Another approach would be creating a mosix-cluster with your 4 machines. This can be done using OpenMosix which is a quite stable and proven software which migrates loads among the processors on your network: [url=http://openmosix.sourceforge.net/]OpenOmosix.org[URL].

The pros and cons:

* IP VS:
PRO: You only need one machine acting as load balancer, this machine can also be running a server. This means that you only have to alter one kernel, no 'client' software or he like is needed on the rest.
CONS: This has less documentation as Omo6. It's a great unknown for me.

* Omo6
PRO: All your machines will act as one, software is proven and there is a real big community around. Moshe Bar is a quite friendly guy and he explains stuff himself when asked in the Omo6 mailing list (very active, be careful or you will get your hardisks stuffed with messages). You will have a more extended control over some aspects of the cluster.
CONS: You need a special Omo6 kernel on each machine and also some extra software to monitor and work with your cluster. Not every filesystem can be used with Omo6, so you are stuck with EXT3 and JFS (ask in the mailing list, perhaps this has changed since I last visited it).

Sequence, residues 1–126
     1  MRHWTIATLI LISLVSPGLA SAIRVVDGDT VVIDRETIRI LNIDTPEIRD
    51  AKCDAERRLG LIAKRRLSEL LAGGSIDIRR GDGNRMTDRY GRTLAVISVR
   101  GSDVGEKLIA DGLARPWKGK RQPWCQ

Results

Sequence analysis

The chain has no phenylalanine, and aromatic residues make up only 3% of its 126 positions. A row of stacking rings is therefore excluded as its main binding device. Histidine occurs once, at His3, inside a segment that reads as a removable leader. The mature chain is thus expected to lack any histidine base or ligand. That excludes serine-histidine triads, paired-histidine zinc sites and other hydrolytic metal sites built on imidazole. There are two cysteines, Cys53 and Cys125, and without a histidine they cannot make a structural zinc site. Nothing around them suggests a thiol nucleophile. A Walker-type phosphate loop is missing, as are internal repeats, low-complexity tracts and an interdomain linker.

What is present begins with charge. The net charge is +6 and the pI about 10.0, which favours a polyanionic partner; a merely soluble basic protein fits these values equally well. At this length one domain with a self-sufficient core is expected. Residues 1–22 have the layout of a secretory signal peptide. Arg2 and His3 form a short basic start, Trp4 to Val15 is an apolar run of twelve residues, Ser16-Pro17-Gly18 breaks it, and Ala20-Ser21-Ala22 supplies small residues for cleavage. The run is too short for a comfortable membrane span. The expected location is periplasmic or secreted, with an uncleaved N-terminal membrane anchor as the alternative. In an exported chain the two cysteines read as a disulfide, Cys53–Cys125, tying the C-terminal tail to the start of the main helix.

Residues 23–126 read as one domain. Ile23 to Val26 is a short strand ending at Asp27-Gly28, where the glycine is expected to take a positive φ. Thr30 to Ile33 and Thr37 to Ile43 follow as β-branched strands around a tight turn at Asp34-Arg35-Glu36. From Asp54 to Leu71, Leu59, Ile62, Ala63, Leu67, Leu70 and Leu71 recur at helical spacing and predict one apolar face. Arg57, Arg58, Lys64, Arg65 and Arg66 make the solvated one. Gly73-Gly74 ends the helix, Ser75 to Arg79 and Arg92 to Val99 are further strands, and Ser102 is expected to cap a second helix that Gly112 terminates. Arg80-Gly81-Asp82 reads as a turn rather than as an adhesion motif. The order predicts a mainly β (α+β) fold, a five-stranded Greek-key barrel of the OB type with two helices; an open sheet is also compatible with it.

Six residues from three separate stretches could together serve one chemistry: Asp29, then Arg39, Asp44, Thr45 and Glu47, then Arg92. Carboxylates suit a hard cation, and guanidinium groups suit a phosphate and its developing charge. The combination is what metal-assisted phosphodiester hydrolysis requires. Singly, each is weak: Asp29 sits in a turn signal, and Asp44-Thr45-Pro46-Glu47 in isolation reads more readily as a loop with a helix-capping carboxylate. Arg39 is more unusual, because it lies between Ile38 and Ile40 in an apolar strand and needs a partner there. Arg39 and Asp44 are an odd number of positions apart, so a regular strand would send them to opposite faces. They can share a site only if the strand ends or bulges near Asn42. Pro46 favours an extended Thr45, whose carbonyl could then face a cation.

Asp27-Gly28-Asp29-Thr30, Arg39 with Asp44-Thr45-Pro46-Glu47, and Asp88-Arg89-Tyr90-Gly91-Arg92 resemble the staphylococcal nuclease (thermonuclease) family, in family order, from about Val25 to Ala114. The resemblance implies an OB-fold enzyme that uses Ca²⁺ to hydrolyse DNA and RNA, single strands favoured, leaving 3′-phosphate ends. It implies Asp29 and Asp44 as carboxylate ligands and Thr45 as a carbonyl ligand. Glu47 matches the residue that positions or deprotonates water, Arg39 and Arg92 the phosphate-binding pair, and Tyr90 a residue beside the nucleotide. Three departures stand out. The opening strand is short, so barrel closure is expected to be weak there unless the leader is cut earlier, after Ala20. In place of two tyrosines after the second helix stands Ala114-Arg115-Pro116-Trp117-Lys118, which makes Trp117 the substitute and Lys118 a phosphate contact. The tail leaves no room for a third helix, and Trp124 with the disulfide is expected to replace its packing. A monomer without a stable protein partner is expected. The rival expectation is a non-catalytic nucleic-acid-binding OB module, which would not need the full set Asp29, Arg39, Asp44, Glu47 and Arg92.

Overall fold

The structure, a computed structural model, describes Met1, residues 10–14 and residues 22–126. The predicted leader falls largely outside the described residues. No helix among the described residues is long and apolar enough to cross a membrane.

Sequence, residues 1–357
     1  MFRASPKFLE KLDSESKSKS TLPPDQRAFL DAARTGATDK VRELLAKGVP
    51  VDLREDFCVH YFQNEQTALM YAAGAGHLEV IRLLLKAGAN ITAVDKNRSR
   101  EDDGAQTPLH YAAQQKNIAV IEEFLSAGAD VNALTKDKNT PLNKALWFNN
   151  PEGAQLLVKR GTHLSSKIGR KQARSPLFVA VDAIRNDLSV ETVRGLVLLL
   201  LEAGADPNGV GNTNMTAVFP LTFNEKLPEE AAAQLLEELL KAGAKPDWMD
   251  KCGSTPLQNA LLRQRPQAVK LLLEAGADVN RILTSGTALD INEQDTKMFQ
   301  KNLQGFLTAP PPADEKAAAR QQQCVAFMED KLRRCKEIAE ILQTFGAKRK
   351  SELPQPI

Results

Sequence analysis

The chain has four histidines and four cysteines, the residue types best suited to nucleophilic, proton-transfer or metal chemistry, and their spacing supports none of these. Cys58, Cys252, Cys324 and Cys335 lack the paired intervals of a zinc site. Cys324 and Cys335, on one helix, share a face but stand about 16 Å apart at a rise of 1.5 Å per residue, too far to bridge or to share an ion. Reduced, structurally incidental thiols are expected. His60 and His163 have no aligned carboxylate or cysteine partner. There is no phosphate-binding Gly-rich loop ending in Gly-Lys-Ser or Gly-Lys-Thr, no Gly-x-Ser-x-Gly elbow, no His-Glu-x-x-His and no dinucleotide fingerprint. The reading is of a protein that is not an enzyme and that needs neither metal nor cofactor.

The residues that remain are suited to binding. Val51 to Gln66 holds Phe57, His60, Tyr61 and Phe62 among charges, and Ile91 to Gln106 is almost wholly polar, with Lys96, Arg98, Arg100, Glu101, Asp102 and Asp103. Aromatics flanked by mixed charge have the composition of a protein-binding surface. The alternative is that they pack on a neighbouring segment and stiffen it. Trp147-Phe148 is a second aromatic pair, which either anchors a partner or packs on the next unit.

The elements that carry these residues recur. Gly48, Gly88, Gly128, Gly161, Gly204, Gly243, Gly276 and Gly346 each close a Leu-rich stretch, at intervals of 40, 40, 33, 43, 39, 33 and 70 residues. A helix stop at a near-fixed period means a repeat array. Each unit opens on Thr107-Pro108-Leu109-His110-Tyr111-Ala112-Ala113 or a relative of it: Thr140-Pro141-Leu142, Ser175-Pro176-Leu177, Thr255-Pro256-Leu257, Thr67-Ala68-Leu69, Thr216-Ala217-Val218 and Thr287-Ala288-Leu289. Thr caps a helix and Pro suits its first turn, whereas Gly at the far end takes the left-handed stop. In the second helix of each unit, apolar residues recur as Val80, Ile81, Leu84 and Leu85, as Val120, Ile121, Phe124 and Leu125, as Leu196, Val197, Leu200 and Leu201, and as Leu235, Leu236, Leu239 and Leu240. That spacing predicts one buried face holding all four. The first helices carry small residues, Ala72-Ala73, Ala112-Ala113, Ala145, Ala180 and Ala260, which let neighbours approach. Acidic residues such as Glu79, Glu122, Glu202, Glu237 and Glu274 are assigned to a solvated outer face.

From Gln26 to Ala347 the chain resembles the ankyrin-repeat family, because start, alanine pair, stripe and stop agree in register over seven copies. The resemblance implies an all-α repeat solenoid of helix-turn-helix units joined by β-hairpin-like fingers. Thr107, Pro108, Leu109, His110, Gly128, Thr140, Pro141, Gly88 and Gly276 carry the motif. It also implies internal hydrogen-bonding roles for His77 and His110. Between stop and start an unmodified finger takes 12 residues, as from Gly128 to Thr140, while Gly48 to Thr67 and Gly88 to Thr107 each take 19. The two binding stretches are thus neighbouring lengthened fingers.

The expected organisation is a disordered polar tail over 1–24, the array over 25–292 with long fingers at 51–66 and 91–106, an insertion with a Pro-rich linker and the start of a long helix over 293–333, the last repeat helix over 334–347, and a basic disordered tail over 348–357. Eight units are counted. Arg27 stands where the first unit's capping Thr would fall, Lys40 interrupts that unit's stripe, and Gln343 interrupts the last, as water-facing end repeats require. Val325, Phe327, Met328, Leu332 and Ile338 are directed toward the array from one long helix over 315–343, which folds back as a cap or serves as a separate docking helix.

Hope this helps. A
 
Old 05-29-2005, 01:30 PM   #4
jzimmerlin
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Thanks for all of the good advice. What do you think the best distribution would be for a low power group of servers that use the IP tables method of load balancing? I'm looking for something that would be popular enough so that it has a lot of packages availalbe, but efficient enough to run on 350mhz machines.

Thanks again.
 
Old 05-29-2005, 04:21 PM   #5
runlevel0
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Quote:
Originally posted by jzimmerlin
Thanks for all of the good advice. What do you think the best distribution would be for a low power group of servers that use the IP tables method of load balancing? I'm looking for something that would be popular enough so that it has a lot of packages availalbe, but efficient enough to run on 350mhz machines.
Thanks again.
If you aren't allergic to a console installation I would say Gentoo : it has tons of available packages (it's based on sources so almost any package which exists is there) , you have a minute control of anything you install and after installation the system is very easy to maintain. Gentoo gives it's best in a network and you can use distcc to compile and if you use the same architecture on all machines you can simply use the same binaries for all machines, so that you only have to compile once.
 
Old 05-29-2005, 06:56 PM   #6
jzimmerlin
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I've read a lot from http://www.linuxvirtualserver.org/. It seems complicated. Would it be more practical to use a network gateway and ip tables to distribute the load? Would the network gateway be able to detect if a server went down? Thanks again in advance for the advice.